Tuesday, September 22, 2009

You might have noticed from some of my previous posts that I have a fascination with land use. In particular, I enjoy dense urban spaces, sweeping rural farmland, and untended wilderness. But truth be told, the suburban middle ground has always been tricky territory for me.

Call it nostalgia, but when I look at maps and aerial photos of Spartanburg before cars became quite so widespread, I envy the development patterns I see. The first true aerial photograph I've ever seen of Spartanburg dates from about 1927 (not surprising since that's the year the airport opened). That photo shows a dense downtown pretty much the same size as the one still there, urban neighborhoods, a tight ring of suburbs, and miles upon miles of farmland.

Of course the 82 years that have elapsed since that photograph was taken have brought substantial changes. But in at least one way, things actually haven't changed much at all. Based on the way land use has changed in Spartanburg, you might be tempted to think that our population has exploded. But that's just not true.

The population of the city in 1930? Just over 28,000.
70 years later in 2000? 39,000.

That's a growth of only 39% despite seventy years of border expansions, baby boomers, and all the rest. To add a little more perspective on that, Spartanburg's population rose by about 24% in just the ten years from 1920 to 1930.

In many ways, that meager 39% is the story of small town America, and compared to most, Spartanburg has done well.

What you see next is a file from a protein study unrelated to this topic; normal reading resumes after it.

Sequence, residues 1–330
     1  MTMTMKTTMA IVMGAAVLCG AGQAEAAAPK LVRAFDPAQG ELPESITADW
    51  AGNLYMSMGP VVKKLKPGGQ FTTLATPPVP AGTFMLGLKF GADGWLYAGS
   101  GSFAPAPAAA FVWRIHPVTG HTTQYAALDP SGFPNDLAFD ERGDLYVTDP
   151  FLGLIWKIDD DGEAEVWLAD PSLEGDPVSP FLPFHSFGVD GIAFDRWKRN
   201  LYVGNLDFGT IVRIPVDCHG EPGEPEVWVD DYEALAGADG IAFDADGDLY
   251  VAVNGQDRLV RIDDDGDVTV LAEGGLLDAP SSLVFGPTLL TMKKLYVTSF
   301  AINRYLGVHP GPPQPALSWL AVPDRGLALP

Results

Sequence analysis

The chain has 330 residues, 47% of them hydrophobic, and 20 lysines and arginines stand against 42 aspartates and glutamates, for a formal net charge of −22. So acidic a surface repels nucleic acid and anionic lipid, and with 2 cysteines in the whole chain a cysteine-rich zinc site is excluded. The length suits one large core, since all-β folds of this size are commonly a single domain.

But that's really not what I think about most when I look at that photo and compare it with what I see here now. I wonder: Why are we using all this space despite such a small population growth? Is this really the best way to lay out a society? Are we really willing to pay this price for land-use freedom? Why should "the market" dictate this for us? Ignore for a minute all the political complications in this and just think about it: using so much land is wasteful and irresponsible.

And who or what can change it? Our society needs an answer because it needs to change somehow.


Gary Henderson said...

Brad, I believe we once had a much larger population inside the city limits but somewhere along the way declined. I seem to recall we were a couple of places higher city standings (population). Of course, I'm saying this without the benefit of recent research, but I do recall the H-J did some stories about it. Rock Hill is larger than Sburg now.

Scott said...

It's important to consider that while the population of the city has not grown significantly, the city limits have more than doubled in area. What this means is that the population density has decreased dramatically over the past 80 years. You also have to consider that the actual built up area outside of the "city limits" is much, much, larger- about 150,000. So even though the city limits do not reflect that population, that is the effective size of the population in Spartanburg and its suburbs.

If South Carolina's annexation laws weren't so backwards, the city would probably have shown a much more steady population increase over the decades.

Anonymous said...

The "Nashville Agrarians" a group of academics writing in the 1930s had a proposal that would have prevented a lot of wasteful suburban sprawl. It was really a simple idea that could have had tremendous impact on land use - the idea was to make it illegal for corporations to acquire land. The Agrarians believed personal ownership would be more responsible.